When it comes to trials of upper-tier political figures, there’s often a wide chasm between the presumption of innocence and the court of public opinion.
But whether dealing with governors, presidents or seemingly indomitable Illinois House speakers, sometimes the lasting value in proceedings is the things we learn along the way.
To clarify, the trial that started this week in Chicago involves, per Hannah Meisel of Capitol News Illinois, the government’s case against longtime allies of Michael Madigan – “three ex-lobbyists and a former executive of electric utility Commonwealth Edison – who are alleged to have orchestrated a yearslong bribery scheme to influence the powerful former speaker.” Madigan’s own trial, on accusations of racketeering and corruption, is due next year.
Jurors should hear from 70 witnesses plus more than 100 surreptitiously recorded phone calls and meetings. How much of that evidence actually reaches the public remains a matter of dispute, but the fact the trial is happening at all is fundamental to further understanding the way state government operated under Madigan. These trials present many complex questions to explore, none likely to be more significant than this: What distinguishes lobbying from bribery?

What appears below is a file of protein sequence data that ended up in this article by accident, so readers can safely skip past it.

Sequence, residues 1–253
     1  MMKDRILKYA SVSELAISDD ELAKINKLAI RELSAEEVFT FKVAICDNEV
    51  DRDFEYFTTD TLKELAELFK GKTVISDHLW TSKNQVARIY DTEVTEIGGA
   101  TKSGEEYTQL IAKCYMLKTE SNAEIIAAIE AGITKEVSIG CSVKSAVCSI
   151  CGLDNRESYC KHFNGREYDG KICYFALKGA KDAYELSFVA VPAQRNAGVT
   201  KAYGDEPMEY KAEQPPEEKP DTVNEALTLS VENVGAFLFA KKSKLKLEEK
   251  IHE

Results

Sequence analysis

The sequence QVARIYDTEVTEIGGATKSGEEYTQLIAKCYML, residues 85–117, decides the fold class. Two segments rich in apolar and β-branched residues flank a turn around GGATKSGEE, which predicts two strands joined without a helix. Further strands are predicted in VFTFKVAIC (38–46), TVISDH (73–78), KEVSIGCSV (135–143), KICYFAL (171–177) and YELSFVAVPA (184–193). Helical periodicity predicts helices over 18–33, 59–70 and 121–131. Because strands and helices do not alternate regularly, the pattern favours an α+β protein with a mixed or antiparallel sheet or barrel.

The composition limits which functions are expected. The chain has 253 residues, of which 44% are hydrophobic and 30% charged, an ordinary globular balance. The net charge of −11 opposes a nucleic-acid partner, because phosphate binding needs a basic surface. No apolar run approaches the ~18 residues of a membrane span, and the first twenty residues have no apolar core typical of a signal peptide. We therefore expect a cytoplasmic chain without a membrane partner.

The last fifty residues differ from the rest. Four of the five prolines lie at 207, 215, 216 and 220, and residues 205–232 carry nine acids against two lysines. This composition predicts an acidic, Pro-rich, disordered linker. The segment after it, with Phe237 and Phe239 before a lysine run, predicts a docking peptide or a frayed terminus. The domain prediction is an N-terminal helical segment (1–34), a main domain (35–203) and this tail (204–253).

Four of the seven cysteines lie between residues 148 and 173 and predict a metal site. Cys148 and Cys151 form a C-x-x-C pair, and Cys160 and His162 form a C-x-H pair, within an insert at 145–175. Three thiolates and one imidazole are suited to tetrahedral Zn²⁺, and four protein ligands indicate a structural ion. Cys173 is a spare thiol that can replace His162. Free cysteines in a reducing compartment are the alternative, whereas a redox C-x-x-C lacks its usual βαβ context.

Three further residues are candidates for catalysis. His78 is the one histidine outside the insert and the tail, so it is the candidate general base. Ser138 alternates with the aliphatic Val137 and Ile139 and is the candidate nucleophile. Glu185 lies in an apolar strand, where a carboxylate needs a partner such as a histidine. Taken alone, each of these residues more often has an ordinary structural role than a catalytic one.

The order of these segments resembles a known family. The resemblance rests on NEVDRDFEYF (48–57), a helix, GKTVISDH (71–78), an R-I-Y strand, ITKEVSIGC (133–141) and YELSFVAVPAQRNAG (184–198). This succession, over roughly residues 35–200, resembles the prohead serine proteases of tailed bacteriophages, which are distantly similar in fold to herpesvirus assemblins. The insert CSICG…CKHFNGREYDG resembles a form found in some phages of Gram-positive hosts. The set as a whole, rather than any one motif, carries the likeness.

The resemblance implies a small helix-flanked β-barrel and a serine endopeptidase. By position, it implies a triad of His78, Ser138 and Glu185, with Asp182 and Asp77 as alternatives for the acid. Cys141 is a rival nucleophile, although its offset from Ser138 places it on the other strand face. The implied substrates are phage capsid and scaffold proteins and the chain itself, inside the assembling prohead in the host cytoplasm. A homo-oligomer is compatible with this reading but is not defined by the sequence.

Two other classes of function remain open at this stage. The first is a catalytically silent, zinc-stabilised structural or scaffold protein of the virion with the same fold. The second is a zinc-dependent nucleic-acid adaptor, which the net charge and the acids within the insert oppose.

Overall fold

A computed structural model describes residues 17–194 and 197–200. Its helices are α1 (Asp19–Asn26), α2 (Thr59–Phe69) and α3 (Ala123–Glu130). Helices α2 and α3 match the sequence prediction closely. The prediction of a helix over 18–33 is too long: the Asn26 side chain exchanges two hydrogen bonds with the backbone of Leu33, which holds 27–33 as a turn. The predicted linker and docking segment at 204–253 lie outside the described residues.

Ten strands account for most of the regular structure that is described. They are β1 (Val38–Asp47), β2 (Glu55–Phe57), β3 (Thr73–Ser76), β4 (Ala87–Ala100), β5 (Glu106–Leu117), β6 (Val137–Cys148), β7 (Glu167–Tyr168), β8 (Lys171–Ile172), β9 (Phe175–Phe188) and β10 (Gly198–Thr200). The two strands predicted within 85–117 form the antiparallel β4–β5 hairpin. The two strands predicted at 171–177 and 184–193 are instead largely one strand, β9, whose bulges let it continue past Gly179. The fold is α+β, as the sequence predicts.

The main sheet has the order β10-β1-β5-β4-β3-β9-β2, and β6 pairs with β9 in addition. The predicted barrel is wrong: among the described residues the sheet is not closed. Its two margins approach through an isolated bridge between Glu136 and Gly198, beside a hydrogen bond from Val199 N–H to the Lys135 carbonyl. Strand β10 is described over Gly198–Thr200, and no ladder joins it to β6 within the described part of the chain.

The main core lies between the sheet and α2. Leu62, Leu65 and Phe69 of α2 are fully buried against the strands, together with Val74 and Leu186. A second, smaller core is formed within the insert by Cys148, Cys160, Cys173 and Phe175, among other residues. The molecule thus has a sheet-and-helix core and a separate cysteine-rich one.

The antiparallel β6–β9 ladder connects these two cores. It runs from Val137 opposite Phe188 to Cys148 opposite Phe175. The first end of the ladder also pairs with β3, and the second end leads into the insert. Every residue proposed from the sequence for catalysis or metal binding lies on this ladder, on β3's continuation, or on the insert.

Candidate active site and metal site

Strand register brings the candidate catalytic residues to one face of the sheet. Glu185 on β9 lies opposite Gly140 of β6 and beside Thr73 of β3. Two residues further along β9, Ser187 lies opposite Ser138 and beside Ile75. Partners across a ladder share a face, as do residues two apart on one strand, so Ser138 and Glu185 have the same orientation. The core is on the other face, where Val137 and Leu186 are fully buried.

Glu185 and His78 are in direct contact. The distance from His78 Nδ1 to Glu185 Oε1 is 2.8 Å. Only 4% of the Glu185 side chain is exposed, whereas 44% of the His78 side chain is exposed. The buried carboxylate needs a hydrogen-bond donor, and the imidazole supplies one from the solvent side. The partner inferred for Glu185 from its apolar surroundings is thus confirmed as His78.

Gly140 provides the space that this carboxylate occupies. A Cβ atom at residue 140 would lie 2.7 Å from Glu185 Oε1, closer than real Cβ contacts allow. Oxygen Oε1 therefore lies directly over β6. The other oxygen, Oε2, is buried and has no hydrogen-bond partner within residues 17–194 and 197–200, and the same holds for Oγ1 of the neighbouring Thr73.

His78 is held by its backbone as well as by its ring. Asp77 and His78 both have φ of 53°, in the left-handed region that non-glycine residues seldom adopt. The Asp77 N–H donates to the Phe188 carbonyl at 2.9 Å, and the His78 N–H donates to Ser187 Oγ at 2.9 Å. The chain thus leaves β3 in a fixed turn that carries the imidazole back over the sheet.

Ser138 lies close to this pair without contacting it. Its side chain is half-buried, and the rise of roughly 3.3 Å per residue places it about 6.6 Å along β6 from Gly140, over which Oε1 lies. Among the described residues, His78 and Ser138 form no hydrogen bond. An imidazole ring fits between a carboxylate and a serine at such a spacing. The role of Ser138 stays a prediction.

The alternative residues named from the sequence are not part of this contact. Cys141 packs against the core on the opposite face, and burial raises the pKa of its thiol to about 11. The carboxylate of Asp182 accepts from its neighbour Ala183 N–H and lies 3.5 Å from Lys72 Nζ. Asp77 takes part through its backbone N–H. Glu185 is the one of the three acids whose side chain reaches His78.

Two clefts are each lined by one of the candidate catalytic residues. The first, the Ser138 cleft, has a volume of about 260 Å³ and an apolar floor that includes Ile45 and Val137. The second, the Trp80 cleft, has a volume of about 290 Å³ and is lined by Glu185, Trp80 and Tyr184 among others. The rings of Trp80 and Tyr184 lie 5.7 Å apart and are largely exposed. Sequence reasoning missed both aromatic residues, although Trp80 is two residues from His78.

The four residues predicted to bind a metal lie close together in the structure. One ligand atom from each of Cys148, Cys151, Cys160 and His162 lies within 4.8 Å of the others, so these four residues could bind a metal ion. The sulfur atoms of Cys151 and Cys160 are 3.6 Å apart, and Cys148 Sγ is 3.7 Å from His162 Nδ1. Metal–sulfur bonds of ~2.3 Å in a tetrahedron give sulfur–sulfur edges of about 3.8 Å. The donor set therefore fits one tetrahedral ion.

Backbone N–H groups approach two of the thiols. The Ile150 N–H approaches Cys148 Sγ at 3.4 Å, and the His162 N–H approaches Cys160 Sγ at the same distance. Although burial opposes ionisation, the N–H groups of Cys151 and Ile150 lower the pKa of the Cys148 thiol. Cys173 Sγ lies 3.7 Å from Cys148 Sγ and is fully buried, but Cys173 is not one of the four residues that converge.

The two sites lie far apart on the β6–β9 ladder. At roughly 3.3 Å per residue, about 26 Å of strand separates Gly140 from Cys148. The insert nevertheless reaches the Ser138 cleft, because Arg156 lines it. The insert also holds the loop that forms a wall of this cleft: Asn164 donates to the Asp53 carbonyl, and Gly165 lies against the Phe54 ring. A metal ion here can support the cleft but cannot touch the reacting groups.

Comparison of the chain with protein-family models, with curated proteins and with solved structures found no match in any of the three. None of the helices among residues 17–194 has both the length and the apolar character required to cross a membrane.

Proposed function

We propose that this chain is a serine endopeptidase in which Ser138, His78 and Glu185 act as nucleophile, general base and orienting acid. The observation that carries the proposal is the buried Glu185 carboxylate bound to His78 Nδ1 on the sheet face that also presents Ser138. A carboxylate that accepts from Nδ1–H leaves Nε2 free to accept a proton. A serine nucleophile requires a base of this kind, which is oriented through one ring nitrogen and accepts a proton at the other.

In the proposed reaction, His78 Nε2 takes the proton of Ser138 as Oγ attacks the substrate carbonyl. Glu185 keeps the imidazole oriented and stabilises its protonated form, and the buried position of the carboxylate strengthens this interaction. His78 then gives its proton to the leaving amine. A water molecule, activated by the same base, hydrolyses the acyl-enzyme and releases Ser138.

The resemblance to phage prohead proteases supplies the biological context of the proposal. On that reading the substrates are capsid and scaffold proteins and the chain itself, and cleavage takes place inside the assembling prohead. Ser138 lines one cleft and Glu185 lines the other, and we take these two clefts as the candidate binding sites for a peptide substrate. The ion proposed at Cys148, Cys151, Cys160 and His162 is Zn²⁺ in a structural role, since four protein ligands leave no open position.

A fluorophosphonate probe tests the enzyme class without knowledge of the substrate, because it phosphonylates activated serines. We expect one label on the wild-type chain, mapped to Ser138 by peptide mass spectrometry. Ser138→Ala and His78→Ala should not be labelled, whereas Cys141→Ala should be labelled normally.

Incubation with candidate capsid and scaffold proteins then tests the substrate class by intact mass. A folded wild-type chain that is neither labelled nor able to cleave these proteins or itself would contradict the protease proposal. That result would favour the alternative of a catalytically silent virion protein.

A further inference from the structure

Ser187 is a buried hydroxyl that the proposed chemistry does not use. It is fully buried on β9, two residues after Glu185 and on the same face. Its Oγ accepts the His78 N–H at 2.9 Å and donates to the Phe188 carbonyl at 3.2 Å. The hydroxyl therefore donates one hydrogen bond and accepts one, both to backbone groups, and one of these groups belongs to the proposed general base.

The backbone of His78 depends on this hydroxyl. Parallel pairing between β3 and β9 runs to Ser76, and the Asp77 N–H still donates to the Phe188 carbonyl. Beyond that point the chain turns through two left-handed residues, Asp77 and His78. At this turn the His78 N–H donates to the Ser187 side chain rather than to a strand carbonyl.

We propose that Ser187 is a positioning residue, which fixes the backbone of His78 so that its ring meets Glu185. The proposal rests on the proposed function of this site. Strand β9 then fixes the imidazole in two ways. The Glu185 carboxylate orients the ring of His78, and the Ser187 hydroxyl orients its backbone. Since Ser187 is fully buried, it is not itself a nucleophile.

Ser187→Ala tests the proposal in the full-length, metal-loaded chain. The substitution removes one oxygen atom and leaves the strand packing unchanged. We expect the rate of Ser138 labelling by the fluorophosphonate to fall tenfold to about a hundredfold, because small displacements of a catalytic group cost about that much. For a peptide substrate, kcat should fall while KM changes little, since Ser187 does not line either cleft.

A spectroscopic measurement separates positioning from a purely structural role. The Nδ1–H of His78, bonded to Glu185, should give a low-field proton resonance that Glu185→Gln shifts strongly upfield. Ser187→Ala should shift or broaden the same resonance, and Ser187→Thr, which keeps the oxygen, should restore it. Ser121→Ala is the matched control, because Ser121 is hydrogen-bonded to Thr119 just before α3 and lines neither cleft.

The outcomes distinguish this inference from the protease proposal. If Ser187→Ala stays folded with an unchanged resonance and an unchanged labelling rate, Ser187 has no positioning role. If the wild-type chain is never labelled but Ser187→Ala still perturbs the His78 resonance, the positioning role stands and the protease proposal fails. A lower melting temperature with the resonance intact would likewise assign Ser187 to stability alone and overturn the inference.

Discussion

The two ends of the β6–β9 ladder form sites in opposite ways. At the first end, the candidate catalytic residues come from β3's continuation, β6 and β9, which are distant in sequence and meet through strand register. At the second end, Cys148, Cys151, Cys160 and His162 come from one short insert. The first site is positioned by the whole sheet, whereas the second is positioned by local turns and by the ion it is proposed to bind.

Ideally our current lawmakers closely watch these and related proceedings with an eye toward improving the way Springfield operates, though the cynic would maintain the greater likelihood is they take copious notes under the heading “How Not to Get Caught.”
EMAIL MANDATE: State Rep. Anna Moeller, D-Elgin, on Feb. 17 filed House Bill 3965, which would amend the Election Code by requiring any statement of candidacy to include an email address. This certainly would make reporters’ jobs easier, and although sensitive to concerns about erecting hurdles for those seeking elected office, it’s hard to imagine anyone with the wherewithal to complete all the existing obligations for ballot placement somehow be unable to obtain a free email address.
That said, having an address is different from actively using email. In past warnings about candidate red flags, I encouraged voters to consider willingness to communicate, especially important to consider in the consolidated election cycle when everything is local. If someone wants to be on your school board or city council but won’t maintain a website, publish an email address, return a phone call or even a social media comment, what is the likelihood they suddenly turn loquacious and responsive after taking the oath?
GET CREATIVE: On Wednesday, the Illinois Treasurer’s Office begins accepting submissions for its 11th annual youth photography contest. The theme is agriculture. Photographers ages 8 to 18 may submit two photos through June 12. For full information, visit CreamOfTheCropContest.com. Winning entries will be displayed at the state fair, featured in Ag Invest marketing materials and included in a 2024 calendar.
• Scott T. Holland writes about state government issues for Shaw Media. Follow him on Twitter @sth749. He can be reached at firstname.lastname@example.org.
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March 18, 2023 at 05:29AM